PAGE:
(WASHINGTON) — The White House has begun a sweeping overhaul of its COVID strategy that will signal the nation is moving past crisis mode and into a more manageable phase in the pandemic, ABC News has learned.
The new strategy was expected to acknowledge that the virus — which has killed at least 936,162 Americans in the past two years — is less of an urgent threat to most Americans because of widespread access to vaccines, booster shots, and testing, as well as increasing availability of therapeutics.
At the same time, the White House on Wednesday began working behind the scenes with some of the nation’s most prominent pandemic experts to game out the various paths the virus could take to ensure the government is prepared.
In a private online meeting, Jeff Zients, the White House coordinator on the federal COVID response, led the group in discussing potential trajectories in the pandemic — from the best case scenario that the virus evolves into a mild flu-like illness, to the worst case that an aggressive new variant could evade effectiveness of the vaccine.
The overall consensus was that COVID has fundamentally altered U.S. public health.
“There’s no scenario where we say, ‘oh my gosh, let’s go back to normal,"” said one person involved in the effort.
The White House described Wednesday’s online meeting as part of a series of outreach efforts with governors and business leaders to discuss the pandemic. Included in Wednesday’s discussion were several former advisers to President Joe Biden during his transition after the election, but who had more recently called on the administration to shift gears and tackle COVID as part of the nation’s “new normal.”
Among those in attendance included Zients; David Kessler, Biden’s chief scientific adviser; Dr. Ezekiel Emanuel, an oncologist and medical ethicist with the University of Pennsylvania; Dr. Michael Osterholm, director of the Centers for Infectious Disease Research and Policy at the University of Minnesota; Dr. Luciana Borio, a former senior official at the National Security Council and former acting chief scientist at the Food and Drug Administration now with the Council on Foreign Relations; and David Michaels, an epidemiologist and former head of the Occupational Safety and Health Administration now with George Washington University’s School of Public Health.
The meeting was confirmed by several people familiar with the effort, who spoke on condition of anonymity because they were not authorized to speak publicly on private White House meetings. Among the issues discussed were what resources the U.S. might need to ensure access to life-saving therapeutics and shoring up any vulnerabilities in the supply chain.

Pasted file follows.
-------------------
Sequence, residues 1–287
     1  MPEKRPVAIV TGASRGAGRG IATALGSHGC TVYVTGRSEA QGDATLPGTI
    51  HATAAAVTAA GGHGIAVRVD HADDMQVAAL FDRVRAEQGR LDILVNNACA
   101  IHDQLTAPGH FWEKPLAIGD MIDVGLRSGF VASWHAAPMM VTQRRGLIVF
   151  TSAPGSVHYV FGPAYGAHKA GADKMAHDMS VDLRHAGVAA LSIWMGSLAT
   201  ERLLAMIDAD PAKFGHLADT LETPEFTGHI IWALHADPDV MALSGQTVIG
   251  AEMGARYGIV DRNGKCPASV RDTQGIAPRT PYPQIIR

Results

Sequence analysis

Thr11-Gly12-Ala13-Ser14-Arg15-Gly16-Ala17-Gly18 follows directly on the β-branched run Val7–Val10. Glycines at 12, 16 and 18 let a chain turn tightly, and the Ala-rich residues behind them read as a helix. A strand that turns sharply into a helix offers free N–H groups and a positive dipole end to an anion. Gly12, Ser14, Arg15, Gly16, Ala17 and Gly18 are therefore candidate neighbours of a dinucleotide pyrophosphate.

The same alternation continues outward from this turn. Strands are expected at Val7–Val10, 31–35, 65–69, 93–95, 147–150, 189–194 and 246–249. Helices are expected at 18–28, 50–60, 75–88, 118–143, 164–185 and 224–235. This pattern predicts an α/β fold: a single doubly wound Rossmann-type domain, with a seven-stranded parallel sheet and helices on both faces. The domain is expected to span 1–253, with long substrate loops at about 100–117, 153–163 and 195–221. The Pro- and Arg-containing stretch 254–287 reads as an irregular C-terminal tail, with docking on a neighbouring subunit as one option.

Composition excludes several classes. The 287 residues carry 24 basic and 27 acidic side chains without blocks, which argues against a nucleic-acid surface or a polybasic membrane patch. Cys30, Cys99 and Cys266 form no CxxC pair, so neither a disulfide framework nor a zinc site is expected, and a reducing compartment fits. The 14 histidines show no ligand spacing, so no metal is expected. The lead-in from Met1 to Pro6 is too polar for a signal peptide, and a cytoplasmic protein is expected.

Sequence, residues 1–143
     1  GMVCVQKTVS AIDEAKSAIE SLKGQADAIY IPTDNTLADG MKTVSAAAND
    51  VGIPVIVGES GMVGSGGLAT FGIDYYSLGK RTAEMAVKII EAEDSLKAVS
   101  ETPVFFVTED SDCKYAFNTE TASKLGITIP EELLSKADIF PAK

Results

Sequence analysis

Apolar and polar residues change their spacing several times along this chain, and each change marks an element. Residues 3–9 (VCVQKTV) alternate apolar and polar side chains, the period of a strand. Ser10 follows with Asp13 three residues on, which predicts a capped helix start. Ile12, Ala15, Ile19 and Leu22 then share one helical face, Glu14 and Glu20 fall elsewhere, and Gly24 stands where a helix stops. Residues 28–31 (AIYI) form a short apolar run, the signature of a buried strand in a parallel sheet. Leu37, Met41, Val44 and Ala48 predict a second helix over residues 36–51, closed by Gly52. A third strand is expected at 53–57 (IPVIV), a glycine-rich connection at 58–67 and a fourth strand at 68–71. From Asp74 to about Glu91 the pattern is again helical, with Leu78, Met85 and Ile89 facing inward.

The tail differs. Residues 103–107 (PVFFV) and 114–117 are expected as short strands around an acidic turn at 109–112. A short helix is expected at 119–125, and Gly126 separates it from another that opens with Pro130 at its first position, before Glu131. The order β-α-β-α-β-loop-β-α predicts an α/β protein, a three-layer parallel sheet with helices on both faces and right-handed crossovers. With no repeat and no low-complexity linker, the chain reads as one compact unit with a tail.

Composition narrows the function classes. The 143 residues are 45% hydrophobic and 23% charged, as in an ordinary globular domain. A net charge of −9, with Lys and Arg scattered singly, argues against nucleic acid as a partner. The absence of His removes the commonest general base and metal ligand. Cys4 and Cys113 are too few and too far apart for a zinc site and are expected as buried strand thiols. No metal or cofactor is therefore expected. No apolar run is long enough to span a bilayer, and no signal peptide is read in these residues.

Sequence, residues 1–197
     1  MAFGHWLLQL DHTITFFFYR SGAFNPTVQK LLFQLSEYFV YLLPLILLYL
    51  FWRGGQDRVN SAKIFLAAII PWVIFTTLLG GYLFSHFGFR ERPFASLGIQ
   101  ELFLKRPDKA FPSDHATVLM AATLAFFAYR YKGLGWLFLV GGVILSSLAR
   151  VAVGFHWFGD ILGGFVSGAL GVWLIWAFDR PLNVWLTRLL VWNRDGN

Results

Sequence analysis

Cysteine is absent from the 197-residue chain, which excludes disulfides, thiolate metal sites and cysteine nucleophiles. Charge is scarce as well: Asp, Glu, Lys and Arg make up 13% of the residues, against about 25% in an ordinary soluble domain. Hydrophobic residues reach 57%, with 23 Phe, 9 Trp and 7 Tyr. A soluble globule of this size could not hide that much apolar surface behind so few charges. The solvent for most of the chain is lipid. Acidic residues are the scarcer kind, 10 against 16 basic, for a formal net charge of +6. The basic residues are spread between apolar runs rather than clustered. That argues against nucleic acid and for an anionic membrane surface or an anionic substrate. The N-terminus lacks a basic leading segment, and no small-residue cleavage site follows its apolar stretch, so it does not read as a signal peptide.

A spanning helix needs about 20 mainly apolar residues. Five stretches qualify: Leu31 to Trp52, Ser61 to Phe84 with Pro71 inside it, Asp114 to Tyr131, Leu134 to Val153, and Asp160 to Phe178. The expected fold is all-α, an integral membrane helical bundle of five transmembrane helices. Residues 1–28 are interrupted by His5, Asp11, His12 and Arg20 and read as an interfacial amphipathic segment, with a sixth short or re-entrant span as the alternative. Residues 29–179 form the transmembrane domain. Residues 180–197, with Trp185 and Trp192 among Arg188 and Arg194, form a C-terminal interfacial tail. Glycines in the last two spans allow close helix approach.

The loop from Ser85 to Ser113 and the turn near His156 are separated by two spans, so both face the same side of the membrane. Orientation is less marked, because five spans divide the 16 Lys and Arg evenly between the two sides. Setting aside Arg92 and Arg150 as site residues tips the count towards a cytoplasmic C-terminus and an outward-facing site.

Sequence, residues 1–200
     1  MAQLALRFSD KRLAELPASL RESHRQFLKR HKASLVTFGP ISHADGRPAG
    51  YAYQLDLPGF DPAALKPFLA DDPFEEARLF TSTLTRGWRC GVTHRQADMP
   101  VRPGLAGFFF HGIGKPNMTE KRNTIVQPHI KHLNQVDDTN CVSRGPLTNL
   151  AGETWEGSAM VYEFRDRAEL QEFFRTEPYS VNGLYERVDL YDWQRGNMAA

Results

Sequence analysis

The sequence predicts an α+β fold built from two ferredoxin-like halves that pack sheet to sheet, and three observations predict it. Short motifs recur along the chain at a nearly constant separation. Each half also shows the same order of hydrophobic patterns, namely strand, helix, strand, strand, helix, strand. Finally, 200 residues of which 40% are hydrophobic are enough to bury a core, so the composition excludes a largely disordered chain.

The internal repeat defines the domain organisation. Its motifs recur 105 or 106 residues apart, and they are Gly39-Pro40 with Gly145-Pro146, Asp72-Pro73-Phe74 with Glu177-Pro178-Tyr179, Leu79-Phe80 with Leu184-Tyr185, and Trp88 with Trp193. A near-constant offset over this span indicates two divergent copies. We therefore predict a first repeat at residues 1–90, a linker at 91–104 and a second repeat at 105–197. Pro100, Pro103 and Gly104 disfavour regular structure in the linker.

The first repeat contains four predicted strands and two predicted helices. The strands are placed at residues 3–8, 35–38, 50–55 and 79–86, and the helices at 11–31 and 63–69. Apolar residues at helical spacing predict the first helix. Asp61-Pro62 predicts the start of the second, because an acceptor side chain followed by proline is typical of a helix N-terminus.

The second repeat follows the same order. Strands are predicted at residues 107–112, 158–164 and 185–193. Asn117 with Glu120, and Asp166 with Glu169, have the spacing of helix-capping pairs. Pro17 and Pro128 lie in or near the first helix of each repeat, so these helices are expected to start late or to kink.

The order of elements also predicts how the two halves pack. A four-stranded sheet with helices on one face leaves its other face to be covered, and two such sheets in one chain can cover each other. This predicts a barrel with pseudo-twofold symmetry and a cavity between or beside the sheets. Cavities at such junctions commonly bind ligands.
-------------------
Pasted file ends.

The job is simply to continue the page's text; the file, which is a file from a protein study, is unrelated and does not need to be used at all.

“We’ve seen things come down before only to be surprised,” one person said, describing the meetings as helping the administration to prepare for next steps.
Timing of the White House announcement of its updated COVID strategy was unclear as the Ukraine crisis escalated Thursday with Russia’s invasion. Biden had been expected to address aspects of the new COVID approach in his State of the Union address on March 1.
In a separate effort, the Centers for Disease Control and Prevention is preparing new guidance intended to help local officials decide when it’s safe to pull back on restrictions, such as indoor masking mandates. Those updated recommendations, expected within the week, were expected to emphasize local hospital capacity and focus less on case counts when measuring a community’s ability to withstand increased COVID transmission.
“We must consider hospital capacity as an additional important barometer. Our hospitals need to be able to take care of people with heart attacks and strokes,” Walensky told reporters last week.
The shift comes as Biden and Democratic governors are under increasing pressure by voters fed up with restrictions due to the virus. Several states have moved preemptively to lift restrictions, even as the CDC continues to recommend indoor masking, particularly in schools.
According to a recent Gallup poll, more Americans disapproved of Biden’s handling of the virus — 52% — than those who approve. In recent weeks, Democratic strategists have advised party officials to shift their focus away from COVID and focus on curbing inflation instead.
Zients hinted at the upcoming shift in federal COVID strategy at a press briefing last week.
“We’re moving toward a time when COVID isn’t a crisis but is something we can protect against and treat,” Zients told reporters on Feb. 16.
Biden officials say the administration is still keenly aware of the balancing act involved. COVID-related hospitalizations are now nearing the lowest level since before the omicron surge — a positive sign that the nation has turned a corner in the two-year pandemic.
At the same time, concerns of another variant remain, as well as the lack of a vaccine available to children ages 4 and under. Data on a Pfizer pediatric vaccine for the population isn’t expected until April. Meanwhile, hospitalization rates for that age group are at its highest throughout the pandemic.
“We definitely are heading into a new phase of the pandemic,” said Julie Morita, executive vice president of the Robert Wood Johnson Foundation who has previously advised Biden on COVID.
But, “I think we’ve fallen into the trap of thinking that it was over prematurely in the past, and it’s just hurt us,” she added.
ABC News Sony Salzman, Cheyenne Haslett, Sasha Pezenik and Arielle Mitropoulos contributed to this report.
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